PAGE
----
The European Commission has set stricter regulations on waste separation, including biowaste. By the end of 2023, biowaste must be completely separated or recycled at source. Separate biowaste collection and composting play an essential part in the bio-based circular economy. This article analyses current biowaste management trends in selected European regions.
Authors: David Huisman Dellago & Katerina Medkova
The ever-increasing resource consumption is causing waste production to be growing each year. In an effort to achieve sustainable development, cities across the globe are pushed to improve the waste management. An important part of household waste comes in the form of biowaste. EU considers as biowaste every biodegradable waste in the form of food (households, canteens, enterprises etc.) and green waste (parks, gardens etc.) (Council Directive 2008/98/EC).
Biowaste comprises waste from biodegradable nature, meaning it can be broken down naturally. The degradation, however, has negative environmental impacts as it produces Greenhouse gases (GHGs) such as methane. Additionally, if not correctly handled, it can pollute the waterways through run-offs. Even though environmental issues are known, the reality is that still many cities are dumping high amounts of biowaste in landfills.
Biowaste collection is an essential part of the waste management systems. It is considered the first step in biowaste management and if carried out correctly, it can positively impact the posterior steps in the process. The importance of adequate collection systems is due to the need of separating biowaste from general waste.
Therefore, correctly managed biowaste not only has environmental benefits but opens a market to new possibilities. The treatment aims at converting the waste into useful by-products, such as fertilizers or energy (biofuels). Conversion is a sustainable method that is a part of the biological cycle of circular economy ( Ellen MacArthur Foundation 2017). Some examples of biowaste treatment include the conversion of lignocellulosic biomass from food waste into ethanol, anaerobic digestion to create biogas (methane) or liquid bio-oil creation through pyrolysis (Khanal & Surampalli 2010). Composting is an attractive method, which is proven to directly benefit households, as it can be practiced domestically by citizens (Mihai & Ingrao 2018).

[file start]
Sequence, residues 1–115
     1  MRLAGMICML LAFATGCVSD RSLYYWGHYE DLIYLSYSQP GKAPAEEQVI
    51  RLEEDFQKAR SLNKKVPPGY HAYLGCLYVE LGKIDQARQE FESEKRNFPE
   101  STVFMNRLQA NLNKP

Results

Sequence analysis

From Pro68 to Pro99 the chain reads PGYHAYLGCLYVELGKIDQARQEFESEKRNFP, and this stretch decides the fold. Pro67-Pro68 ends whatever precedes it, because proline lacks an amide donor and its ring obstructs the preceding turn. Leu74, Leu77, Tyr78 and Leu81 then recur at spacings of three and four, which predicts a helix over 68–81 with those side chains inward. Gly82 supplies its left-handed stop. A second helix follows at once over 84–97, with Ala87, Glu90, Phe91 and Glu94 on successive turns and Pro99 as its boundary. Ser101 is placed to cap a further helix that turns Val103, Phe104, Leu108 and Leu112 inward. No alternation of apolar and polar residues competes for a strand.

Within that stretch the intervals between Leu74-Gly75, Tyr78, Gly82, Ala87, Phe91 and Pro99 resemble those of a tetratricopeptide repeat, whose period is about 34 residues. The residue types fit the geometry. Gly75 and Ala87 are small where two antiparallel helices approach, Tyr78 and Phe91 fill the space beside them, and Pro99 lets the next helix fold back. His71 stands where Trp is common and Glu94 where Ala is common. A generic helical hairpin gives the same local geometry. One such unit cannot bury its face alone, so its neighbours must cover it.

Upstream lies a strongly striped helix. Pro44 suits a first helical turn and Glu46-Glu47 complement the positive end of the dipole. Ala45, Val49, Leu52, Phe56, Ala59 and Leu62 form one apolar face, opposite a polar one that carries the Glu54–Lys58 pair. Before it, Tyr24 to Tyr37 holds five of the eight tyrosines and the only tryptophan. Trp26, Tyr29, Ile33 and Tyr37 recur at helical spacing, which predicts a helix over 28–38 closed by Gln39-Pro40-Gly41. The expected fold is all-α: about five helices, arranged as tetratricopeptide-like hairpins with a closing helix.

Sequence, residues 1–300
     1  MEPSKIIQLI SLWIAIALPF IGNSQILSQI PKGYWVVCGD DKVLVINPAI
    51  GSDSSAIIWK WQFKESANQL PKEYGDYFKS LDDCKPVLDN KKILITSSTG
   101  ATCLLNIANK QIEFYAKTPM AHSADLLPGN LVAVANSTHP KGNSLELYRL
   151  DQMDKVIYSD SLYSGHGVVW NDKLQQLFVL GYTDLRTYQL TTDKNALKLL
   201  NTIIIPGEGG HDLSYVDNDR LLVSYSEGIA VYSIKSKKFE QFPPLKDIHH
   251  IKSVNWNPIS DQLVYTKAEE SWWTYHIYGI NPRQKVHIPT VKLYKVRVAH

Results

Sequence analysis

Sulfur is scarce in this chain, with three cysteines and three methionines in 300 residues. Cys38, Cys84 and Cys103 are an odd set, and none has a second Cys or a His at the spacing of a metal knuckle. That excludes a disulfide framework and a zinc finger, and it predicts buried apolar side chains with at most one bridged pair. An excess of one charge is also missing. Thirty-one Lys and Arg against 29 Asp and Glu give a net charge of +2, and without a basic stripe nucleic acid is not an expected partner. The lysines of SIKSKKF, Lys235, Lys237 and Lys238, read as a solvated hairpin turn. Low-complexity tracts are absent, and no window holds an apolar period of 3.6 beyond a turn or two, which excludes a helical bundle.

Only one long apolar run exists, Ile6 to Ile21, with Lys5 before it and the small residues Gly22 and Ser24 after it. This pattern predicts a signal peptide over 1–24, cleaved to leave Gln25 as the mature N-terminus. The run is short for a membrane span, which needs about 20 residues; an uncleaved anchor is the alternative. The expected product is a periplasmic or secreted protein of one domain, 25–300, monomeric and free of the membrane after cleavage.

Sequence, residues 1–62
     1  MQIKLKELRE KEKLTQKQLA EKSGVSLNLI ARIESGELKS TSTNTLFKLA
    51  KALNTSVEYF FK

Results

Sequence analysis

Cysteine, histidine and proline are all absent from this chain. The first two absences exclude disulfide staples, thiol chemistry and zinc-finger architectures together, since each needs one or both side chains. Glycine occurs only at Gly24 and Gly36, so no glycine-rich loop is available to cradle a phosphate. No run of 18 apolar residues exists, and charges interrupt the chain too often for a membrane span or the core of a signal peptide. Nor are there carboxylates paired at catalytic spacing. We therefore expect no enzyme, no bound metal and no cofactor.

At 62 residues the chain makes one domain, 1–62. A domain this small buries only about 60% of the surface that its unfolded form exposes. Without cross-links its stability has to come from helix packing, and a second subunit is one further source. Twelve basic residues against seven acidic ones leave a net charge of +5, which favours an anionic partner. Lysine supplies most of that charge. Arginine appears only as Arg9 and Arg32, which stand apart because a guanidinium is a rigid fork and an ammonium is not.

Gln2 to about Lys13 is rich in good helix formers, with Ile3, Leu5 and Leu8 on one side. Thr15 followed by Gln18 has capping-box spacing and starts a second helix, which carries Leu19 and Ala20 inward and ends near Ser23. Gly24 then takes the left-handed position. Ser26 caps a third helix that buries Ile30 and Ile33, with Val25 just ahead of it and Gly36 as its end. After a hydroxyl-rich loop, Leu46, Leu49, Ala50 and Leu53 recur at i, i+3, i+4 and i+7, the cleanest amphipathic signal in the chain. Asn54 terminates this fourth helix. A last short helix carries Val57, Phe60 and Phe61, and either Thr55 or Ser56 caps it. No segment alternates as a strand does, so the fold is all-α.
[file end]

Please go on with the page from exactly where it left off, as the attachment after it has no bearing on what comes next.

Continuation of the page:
Treating biowaste as a valuable resource for products and energy challenges many governments, including the EU. Through the creation of the waste package, the EU addressed four different directives. The main directive is the waste framework directive (WFD). WFD sets the guidelines on waste management for national policies. The landfill directive aims at reducing the amount of waste destined to landfills, including biowaste. The packaging waste and the electronic waste directives regulate the use of packaging and electronic waste respectively. (Council Directive 2008/98/EC)
In a new effort to improve waste management in the EU, the European Council reached a provisional agreement with the Commission (with the ambassadors’ approval) (European Council 2017). The provisional agreement is a result from the action plan following the 2015 Circular Economy Package (European Commission 2015). It aims at reinforcing the objectives of the waste package by updating current standards. In fact, it sets stricter regulations including extended producer responsibility and mandatory waste separation (including biowaste). In addition, the agreement sets that by the end of 2023 biowaste must be completely separated or recycled at source (European Council 2018). Finally, with the new agreement, countries are expected to comply with higher standards. The situation of biowaste management in the EU is of special interest. This article analyses the biowaste management trends throughout different European regions, in order to understand how it works.